Condensed Matter

   

Optical Ruler Measure to Nanoscale

Authors: George Rajna

Mathematical Sciences describes a new optical method that can measure displacements of a nanometer-the smallest distance ever directly measured, using near infrared light. [32] Compact quantum devices could be incorporated into laptops and mobile phones, thanks in part to small devices called quantum optical micro-combs. [31] Taking their name from an intricate Japanese basket pattern, kagome magnets are thought to have electronic properties that could be valuable for future quantum devices and applications. [30] A team of Cambridge researchers have found a way to control the sea of nuclei in semiconductor quantum dots so they can operate as a quantum memory device. [29] Researchers successfully integrated the systems-donor atoms and quantum dots. [28] A team of researchers including U of A engineering and physics faculty has developed a new method of detecting single photons, or light particles, using quantum dots. [27] Recent research from Kumamoto University in Japan has revealed that polyoxometalates (POMs), typically used for catalysis, electrochemistry, and photochemistry, may also be used in a technique for analyzing quantum dot (QD) photoluminescence (PL) emission mechanisms. [26] Researchers have designed a new type of laser called a quantum dot ring laser that emits red, orange, and green light. [25] The world of nanosensors may be physically small, but the demand is large and growing, with little sign of slowing. [24] In a joint research project, scientists from the Max Born Institute for Nonlinear Optics and Short Pulse Spectroscopy (MBI), the Technische Universität Berlin (TU) and the University of Rostock have managed for the first time to image free nanoparticles in a laboratory experiment using a highintensity laser source. [23] For the first time, researchers have built a nanolaser that uses only a single molecular layer, placed on a thin silicon beam, which operates at room temperature. [22] A team of engineers at Caltech has discovered how to use computer-chip manufacturing technologies to create the kind of reflective materials that make safety vests, running shoes, and road signs appear shiny in the dark. [21]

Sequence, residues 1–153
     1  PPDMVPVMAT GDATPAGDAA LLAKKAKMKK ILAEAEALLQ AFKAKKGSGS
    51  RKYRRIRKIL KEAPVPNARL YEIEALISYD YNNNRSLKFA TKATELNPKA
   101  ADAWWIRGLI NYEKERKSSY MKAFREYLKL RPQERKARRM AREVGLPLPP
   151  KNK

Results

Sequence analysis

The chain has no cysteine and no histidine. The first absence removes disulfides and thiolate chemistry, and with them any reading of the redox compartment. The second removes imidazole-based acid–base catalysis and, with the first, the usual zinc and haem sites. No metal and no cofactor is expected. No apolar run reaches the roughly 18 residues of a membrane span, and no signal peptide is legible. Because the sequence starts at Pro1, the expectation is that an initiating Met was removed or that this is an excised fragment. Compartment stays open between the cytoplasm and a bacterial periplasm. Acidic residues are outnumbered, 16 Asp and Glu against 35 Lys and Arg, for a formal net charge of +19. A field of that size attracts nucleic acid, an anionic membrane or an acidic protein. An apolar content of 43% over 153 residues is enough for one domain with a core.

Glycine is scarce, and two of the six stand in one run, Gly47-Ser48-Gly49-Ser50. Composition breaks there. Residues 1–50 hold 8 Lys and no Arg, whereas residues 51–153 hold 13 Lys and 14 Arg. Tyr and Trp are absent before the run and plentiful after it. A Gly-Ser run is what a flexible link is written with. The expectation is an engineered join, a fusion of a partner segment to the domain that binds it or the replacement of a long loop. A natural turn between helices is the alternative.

Comments: 43 Pages.

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[v1] 2019-09-07 07:47:06

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